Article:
She's Omaha the Cat Dancer with no tail and fewer clothes.

She fires ill-defined "energy blasts" from her clenched fists. Why? Cuz it looks good, I guess. It's the Marvel way.

She produces a "cool to draw" ill-defined energy trail.
From.
Her.
Hair.


The vacant manga eyes that scream "No one's home!"

The oh-so-convenient "I must never forget how I was abused" slave girl outfit. Ri-i-i-i-iight.

Oh, and, of course, the stupid pun-based name. No, not "Starfire"; "Koriandr". GODS! No wonder the Toon Titans won't even USE her "real" name.

Yeah, and the family-based character conflict with her evil sister. Yeesh, I half expect them to do battle over Major Nelson at some point.

CLEARLY a Marvel character who needs to go home.

Hey, Space Cabbie! Have I gotta fare for you!

Rungs of Villainy: the Unwitting Patsy

The Rungs of Villainy are slippery and treacherous and no one learns that lesson better than:
the Unwitting Patsy.


The tragedy of the Patsy is that he thinks he's a player,
when in fact he's a pawn. He thinks he's so much better than mere Faceless Fodder; he's got a name and the Boss even knows what it is. The Boss has to know your name, Patsy; how else can he laugh at your foolish loyalty to him when he hangs you out to dry? The Unwitting Patsy is little more than a human speedbump, a mere baby carriage rolled in front of the onrushing wheels of justice to slow them down. When your plan is to face off against the hero, your employ Faceless Fodder; when you plan is to flee, you use the Unwitting Patsy.

The last thing Patsy hears before, say,
Hawkman's boot smashes into his face is... "Hold them off, Slanty, with your shaking gun hand, wide-eyed expression of terror, and recently soiled pantaloons, whilst I, on the strength of my half-page entry in the DC Encyclopedia, escape to my thematically decorated hideout in the abandoned warehouse district in the company of my actual henchman with whom I hold private conversations and who merit a dignified bowtie/bowler outfit!"

The Penguin
, again, is our exemplar of abuse; Unwitting Patsies, like Innocent Dupes, are simply part of his daily predatorial diet. The Scarecrow, too, knows the value of Unwitting Patsies, and reminds us there's a special place in hell ... and prison ... for these foolish goons called "Da Loich".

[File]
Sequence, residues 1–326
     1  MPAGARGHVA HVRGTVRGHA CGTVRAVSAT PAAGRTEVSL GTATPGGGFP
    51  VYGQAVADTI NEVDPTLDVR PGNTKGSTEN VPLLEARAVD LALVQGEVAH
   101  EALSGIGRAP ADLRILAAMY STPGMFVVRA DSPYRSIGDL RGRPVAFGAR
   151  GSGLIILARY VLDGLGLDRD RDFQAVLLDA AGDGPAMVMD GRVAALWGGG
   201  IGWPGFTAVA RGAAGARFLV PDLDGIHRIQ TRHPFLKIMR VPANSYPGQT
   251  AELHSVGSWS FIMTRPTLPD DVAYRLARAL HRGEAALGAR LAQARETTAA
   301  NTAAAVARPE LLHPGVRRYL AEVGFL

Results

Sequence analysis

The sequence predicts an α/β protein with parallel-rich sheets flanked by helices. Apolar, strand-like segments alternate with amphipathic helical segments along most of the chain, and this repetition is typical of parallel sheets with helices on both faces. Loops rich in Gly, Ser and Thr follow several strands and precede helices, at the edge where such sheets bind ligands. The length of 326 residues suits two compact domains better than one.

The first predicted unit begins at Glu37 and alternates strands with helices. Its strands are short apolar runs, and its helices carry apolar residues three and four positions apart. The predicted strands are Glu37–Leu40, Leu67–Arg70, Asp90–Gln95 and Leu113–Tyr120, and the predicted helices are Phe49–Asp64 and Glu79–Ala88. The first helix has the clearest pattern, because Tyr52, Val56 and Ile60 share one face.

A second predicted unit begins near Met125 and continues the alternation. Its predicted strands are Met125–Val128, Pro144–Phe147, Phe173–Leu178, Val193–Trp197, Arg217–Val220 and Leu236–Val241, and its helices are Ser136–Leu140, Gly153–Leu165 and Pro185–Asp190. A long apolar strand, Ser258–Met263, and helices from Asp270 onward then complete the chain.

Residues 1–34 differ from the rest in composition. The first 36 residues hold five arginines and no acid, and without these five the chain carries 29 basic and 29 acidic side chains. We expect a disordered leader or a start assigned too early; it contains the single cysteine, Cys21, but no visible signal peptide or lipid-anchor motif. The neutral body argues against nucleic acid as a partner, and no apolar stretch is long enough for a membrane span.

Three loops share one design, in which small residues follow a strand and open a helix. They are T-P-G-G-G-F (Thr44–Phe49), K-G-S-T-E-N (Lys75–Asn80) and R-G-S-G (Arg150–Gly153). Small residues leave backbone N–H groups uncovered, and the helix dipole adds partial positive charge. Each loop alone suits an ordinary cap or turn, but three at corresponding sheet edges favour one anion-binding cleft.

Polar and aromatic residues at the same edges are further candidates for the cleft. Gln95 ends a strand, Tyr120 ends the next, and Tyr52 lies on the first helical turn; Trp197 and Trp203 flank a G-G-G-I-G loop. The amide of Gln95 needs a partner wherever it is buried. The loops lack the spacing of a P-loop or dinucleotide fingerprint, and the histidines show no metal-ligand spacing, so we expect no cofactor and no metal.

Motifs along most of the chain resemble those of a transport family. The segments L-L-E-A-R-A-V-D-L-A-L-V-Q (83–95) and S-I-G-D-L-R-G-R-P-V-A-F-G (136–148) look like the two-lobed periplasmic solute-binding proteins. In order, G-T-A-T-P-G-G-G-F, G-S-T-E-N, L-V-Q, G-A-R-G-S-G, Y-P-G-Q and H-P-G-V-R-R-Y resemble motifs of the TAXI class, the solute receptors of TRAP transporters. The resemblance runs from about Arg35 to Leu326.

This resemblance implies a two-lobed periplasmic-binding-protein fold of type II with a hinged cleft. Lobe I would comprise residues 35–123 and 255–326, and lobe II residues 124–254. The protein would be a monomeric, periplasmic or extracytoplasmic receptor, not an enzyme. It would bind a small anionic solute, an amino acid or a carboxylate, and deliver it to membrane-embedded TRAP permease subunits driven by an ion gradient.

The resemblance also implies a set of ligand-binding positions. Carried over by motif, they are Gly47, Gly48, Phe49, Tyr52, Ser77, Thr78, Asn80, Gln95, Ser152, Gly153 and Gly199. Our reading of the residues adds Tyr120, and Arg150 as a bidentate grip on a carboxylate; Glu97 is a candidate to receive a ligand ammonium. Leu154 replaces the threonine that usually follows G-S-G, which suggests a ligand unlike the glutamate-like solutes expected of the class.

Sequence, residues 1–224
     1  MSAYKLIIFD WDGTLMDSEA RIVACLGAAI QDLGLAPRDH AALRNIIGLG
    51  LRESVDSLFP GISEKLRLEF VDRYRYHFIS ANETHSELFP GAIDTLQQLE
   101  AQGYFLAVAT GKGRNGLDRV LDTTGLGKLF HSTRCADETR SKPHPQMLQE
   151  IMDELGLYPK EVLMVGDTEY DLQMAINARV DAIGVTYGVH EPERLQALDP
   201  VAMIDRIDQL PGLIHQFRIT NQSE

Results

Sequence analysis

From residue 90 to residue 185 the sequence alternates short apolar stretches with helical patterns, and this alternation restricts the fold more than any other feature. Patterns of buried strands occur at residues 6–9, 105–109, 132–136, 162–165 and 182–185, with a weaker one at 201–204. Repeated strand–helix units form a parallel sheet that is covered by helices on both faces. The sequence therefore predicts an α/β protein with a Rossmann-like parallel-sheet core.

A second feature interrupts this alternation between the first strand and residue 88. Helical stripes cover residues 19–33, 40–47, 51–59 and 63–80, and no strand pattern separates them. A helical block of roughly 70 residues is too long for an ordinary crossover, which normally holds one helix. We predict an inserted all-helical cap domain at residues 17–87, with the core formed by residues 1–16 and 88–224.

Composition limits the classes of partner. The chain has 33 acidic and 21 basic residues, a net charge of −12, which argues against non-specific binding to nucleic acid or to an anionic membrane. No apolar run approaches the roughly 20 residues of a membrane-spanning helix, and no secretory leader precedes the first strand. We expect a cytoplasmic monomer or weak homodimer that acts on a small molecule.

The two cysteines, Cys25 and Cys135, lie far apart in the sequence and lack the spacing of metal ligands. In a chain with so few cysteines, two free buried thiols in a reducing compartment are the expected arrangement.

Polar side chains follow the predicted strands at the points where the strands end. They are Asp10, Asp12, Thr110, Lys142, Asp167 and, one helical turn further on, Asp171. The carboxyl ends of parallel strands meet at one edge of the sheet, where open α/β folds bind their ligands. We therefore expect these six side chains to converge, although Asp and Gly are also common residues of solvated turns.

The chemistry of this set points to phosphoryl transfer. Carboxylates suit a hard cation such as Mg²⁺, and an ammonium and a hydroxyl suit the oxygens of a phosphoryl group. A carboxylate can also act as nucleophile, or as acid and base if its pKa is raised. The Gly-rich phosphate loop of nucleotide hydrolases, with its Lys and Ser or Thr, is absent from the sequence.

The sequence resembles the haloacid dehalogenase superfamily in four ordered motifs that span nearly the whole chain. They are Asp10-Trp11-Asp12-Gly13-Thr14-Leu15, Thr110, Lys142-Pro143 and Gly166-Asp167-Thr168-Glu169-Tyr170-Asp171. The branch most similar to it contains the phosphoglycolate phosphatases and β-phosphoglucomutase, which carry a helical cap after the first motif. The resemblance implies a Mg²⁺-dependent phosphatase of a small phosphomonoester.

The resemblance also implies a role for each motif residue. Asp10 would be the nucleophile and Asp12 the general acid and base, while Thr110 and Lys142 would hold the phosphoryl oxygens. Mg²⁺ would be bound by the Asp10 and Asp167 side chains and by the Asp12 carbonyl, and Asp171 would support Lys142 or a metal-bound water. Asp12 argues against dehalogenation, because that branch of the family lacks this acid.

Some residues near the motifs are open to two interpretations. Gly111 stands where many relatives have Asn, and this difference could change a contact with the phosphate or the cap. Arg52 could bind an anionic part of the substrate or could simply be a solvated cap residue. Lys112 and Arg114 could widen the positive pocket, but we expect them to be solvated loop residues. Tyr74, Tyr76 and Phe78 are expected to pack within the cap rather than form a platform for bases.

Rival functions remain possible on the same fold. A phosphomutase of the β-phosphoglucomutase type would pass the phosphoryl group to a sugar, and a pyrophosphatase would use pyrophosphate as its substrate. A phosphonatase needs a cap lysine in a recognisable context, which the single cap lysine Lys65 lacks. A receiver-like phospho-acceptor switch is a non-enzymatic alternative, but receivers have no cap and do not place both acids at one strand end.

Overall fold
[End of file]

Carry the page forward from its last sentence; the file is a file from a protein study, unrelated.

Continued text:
And it ain't a place ya wanna get left in, bub.

Air Support

Oh! There are SO many important things to discuss this week!

But first things first: Hawkman's boots.

This week we learned that Hawkman does (or did, since the appearances are in flashback) have crimefighter treads on his boots! And, for Hawkman, this is no mere decorative matter. The naive might think that a superhero whose feet rarely hit the ground might as well wear dainty Black Condor style ballet slippers; not so with Hawkman! His boots are not merely decorative but functional:Superman's boots play but a passing role, distant bit players in the Never-ending Battle. But the Hawkboots are strong supporting actors in the H-man's drama! Oh, they wouldn't go up on the billboard, but they'd definitely be in the filmic front credits, right after the Wings and the Mace.

Oh, and what treads they are! These aren't your sissified Anton Lamont patent leathers, folks. Hawkman clearly chose treads so deep that when he kicks you in the head, your face is automatically smeared with the clay-rich mud of St. Roch, further reddened by the blood of the last poor sap who got in his way. And the stylized claw-motif of Nth metal strips? Snap! Somewhere there is a deservedly self-satisfied high-end designer at Doc Martens! Market those to mountain climbers and watch the money roll in; you know Speed Saunders could be bought for the commercial campaign: "My Hawkboots never let me down!"

From our distant fourth-wall perspective, we see the Wings, the Mace, the Shoulder Hair. But the average DC crook-schlep? They see the Hawkboots zooming down at them from above, eager to answer the age-old mystery, "What would I look like with my nose coming out of the back of my skull?" And as you slip into your coma, the last sight you see will be the Hawkboots flying up away from you, their pitiless treads dripping your precious bodily fluids back on to the face they came from.

Hawkboots, we salute you with respect, not as mere fashion add-ons but as full-fledged partners in the pinioned blitzkrieg on crime.


Wednesday, August 10, 2005

Calling All Kingmakers


Okay, it's pretty clear by now that this Rosario Dawson woman is the runaway winner in the "Who Will Play 'Vixen' in 'Vibe! The Movie, Meng'?" poll.

As far as I remember the Detroit League, that just leaves one part to cast. One costume to fill.

*Gulp*

Who can possibly portray ...

him?


The Rungs of Villainy: Faceless Fodder


Finally, some real criminals, as we climb the Rungs of Villainy! Today we salute:
THE FACELESS FODDER.


We all recognize (and instantly love) these guys. They stand there, dramatically posing with broken off piano legs in their hands, forming a giant proletarian lump or spread out in a dispersed "beam us up" pattern, doing nothing but menacing, waiting like dazed cows for someone to say,


"GET HIM, YOU FOOLS!"

Such is the iconic power of the Faceless Fodder and the performative utterance "Get him/them, you fools!" that it is now built into society's collective subconscious. Try this experiment and you'll see I'm right...